The road pricing mention matters to the region’s road users, especially long-distance commuters like me. We would face increased costs in return (supposedly) for quicker trips, because some motorists would choose other transportation modes or stay home. And reduced congestion would (supposedly) benefit all taxpayers by reducing the demand for new highway construction. Continue reading

3 vaguely cheerful thoughts on Metro Vancouver’s transit vote

Slide from 2010 planning presentation (South Coast British Columbia Transportation Authority)

Slide from 2010 planning presentation (South Coast British Columbia Transportation Authority)

Elections BC advised us on July 2 that Metro Vancouver residents have rejected a 10-year transit plan, which was to have been funded from a sales tax hike. The political gridlock around transit funding, already 17 years old, will continue.

It’s sad for most of us that Western Canada’s largest urban area can’t figure out how to run a bus service. Most of us — because a minority, I’m guessing 15 per cent, would prefer to see public transit privatized or abolished. Continue reading

Transit use is highest among lower income households

The University of British Columbia and health authority partners recently published a snapshot of transportation habits in Metro Vancouver based on an online survey of more than 28,000 people.

Transit mode shareAmong respondents, 29 per cent said they commute by public transit, compared with 55 per cent who travel in personal vehicles. A high-level map suggests that transit use is above average in tower-dominated Skytrain nodes and in many urban villages, even remote spots like downtown Langley and  downtown Maple Ridge. Continue reading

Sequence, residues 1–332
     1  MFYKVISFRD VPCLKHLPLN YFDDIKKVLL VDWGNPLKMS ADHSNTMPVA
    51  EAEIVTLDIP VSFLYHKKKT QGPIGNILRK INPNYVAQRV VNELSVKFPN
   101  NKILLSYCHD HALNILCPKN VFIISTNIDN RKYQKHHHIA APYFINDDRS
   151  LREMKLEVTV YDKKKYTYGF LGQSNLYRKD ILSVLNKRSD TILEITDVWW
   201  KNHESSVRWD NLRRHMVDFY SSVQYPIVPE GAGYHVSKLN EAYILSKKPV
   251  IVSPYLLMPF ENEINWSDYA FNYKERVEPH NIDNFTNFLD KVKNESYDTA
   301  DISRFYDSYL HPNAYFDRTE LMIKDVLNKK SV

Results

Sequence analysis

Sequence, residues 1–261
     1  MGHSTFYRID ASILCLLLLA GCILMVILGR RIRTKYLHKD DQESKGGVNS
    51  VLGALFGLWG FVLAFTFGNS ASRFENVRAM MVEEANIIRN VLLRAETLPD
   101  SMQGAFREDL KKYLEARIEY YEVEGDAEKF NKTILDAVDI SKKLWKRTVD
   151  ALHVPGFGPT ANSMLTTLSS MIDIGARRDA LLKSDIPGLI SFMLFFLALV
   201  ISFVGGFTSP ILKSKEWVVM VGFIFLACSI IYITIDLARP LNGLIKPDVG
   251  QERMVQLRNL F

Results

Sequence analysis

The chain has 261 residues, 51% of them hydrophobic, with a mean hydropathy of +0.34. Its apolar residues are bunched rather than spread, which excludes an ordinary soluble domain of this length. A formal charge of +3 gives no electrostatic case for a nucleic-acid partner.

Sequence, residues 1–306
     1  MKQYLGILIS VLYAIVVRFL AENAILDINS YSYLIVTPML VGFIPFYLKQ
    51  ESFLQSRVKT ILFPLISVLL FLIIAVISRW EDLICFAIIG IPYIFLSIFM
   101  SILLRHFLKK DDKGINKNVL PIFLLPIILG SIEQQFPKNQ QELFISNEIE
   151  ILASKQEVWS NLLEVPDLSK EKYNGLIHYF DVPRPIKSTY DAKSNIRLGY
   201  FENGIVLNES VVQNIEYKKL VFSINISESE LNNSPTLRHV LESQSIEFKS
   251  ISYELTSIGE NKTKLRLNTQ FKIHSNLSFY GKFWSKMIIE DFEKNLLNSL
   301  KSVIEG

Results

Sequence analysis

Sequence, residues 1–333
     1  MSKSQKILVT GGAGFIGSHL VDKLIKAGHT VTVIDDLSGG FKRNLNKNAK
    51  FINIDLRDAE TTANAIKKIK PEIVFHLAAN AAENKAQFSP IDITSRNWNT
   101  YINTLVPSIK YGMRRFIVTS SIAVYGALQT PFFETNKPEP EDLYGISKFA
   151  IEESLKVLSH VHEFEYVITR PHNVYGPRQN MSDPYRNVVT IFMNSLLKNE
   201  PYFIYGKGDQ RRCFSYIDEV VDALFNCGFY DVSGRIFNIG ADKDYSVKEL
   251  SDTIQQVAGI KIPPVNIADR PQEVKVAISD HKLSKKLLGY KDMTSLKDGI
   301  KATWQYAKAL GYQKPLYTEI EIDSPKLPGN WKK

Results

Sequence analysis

Child poverty in Metro Vancouver

A detail from the 2014 Child Poverty Report Card. Areas of highest concentration (over 40 per cent) include a set of communities east of Vancouver's downtown, Squamish territory at the north end of the Lions Gate Bridge, and Metrotown in Burnaby.

A detail from the 2014 Child Poverty Report Card. Areas of highest concentration (over 40 per cent) include a set of communities east of Vancouver’s downtown, Squamish territory at the north end of the Lions Gate Bridge, and Metrotown in Burnaby.

Some Canadians are much healthier than others. Poor health outcomes are more likely among: children and families living in poverty; the working poor; the unemployed/underemployed; those with limited education and/or low literacy; Aboriginal and remote populations; newcomers; persons suffering from social exclusion; the homeless; and those who have difficulty securing affordable housing. — Final Report of the Senate Subcommittee on Population Health, 2009

In late 2014, the BC Child and Youth Advocacy Coalition issued a Child Poverty Report Card organized into 10 fact sheets, including a fact sheet on Metro Vancouver.

For this website, the takeaway is that poverty thrives in all parts of Metro Vancouver, though it may not show up at street level.  Besides the often-documented Downtown Eastside, there are zones where poverty is common in Richmond, Burnaby (including Edmonds, discussed in our February 2 post), Surrey, Langley — and in fact, in almost any urban centre. Continue reading